I don’t deny that I am not a big fan of socialism. I have watched our welfare system encourage abuse for years, with thousands of citizens and non-citizens collecting benefits illegally. The food stamp program is a disaster with fraud permeating the entire system. Towns like Kiryas Joel in NY have 50% of their population on food stamps while the men shirk gainful employment. Our tax dollars support these programs. The VA system has flaws also, but I agree that it has greatly benefited our veterans. But VA homes are not always well run and accessing the benefits can be very difficult. Often, families have to hire a professional to assist and to explain the entitlements. The current economic downturn has created massive unemployment. Our system should take care of these desperate families that have lost homes and cannot find jobs in the current market. I favor programs to expedite citizenship for “illegals” working in the U.S. and paying taxes. But I refuse to endorse the financial support of “illegal aliens” that slide into our country to take advantage of “free health care” through our emergency rooms. It is unreasonable to investigate a hospital because they threaten layoffs. Micromanagement of hospital affairs will only create chaos. However, it is certainly reasonable to request a full disclosure on the “office expenses” before we totally condemn the hospital and pass judgment.
Howard L. Pearl August 20, 2012 at 02:45 PM
To Matt: The expanded Medicaid program will have only minor effects on reducing “charity care”. (Some states are even refusing the Medicaid changes because it allows too much federal control.) More importantly, “charity care” will not be reduced, simply the reimbursements. Hospitals will have to find a way to compensate for the losses, most probably with staff reductions. Insurance premiums are “sky-high”; insurance companies are bloodsuckers; that needs to be addressed. FYI: my organization helps all those people in need that you are talking about; so if I am heartless, I am in the wrong profession. My problem is with those that take advantage of the system. Government involvement is the major problem; they add new dimension to incompetence when running any program. (Two out of the last three times that I went to the DMV, the computer systems were down and everyone was told to come back another day.) Note: Sally’s comments regarding Pascack Valley Hosp. are her opinion and may be valid from her experience. It does not change the fact the fiscal ineptitude drove the hospital under and created a health care vacuum for towns in upper Bergen County.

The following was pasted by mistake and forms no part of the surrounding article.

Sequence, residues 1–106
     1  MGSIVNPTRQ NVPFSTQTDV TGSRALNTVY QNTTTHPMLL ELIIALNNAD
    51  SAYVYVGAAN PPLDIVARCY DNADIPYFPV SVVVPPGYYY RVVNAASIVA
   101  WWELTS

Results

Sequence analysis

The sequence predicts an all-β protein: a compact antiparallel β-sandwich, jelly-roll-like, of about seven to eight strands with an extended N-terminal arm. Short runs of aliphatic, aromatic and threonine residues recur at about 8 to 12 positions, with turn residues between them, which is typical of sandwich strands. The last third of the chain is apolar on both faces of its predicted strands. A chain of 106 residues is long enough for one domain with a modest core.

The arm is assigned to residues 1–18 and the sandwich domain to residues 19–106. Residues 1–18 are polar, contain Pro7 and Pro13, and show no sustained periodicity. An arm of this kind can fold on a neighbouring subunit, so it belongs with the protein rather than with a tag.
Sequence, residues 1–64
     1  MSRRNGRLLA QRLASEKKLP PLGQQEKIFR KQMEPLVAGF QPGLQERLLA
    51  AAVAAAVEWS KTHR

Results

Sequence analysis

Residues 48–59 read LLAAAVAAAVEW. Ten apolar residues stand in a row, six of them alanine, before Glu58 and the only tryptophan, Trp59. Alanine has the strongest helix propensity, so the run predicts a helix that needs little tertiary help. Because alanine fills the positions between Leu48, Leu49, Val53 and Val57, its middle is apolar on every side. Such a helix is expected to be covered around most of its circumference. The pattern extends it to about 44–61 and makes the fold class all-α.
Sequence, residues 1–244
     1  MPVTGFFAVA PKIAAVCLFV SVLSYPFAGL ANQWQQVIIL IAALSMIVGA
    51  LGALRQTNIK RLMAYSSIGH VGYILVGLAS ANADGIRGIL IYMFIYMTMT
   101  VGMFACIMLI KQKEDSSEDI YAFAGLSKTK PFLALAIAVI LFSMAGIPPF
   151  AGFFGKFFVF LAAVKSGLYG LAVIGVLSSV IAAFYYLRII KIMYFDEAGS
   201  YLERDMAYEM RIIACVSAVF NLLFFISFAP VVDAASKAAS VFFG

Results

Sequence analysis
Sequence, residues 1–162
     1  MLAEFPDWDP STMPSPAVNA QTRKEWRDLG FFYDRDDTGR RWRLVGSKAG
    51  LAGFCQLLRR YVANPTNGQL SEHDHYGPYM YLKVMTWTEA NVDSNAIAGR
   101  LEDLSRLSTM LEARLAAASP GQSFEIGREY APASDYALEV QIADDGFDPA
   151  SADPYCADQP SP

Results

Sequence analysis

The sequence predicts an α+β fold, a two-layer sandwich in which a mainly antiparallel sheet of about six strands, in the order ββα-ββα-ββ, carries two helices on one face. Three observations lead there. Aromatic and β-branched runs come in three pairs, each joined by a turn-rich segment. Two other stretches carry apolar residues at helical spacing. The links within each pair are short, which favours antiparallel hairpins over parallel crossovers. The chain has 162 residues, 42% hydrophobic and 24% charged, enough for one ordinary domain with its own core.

William Mays August 20, 2012 at 05:12 PM
Affordable healthcare is not socialism. I agree with you that people who don't want to work should not receive food stamps or welfare. What do you suggest we do with illegal immigrants when they get into hospitals? Let them die?
Howard L. Pearl August 20, 2012 at 07:40 PM
Affordable health care is not free health care. We all want a system that works; the current one is badly broken. As for what to do with "illegal immigrants" who need health care, my suggestion is that they be required to pay something, so they understand that there are costs involved. If major health care is required, our tax dollars should not be covering it. I heard of one hospital that found an interesting solution for an individual who was over 65 who needed nursing home care. The hospital supposedly paid air fare to fly him back to his native country so his relatives could care for him. Humane and effective.
Glenn M. Muller August 21, 2012 at 03:01 AM
They fought hard to keep HUMC-North from opening. Karma is catching up with them.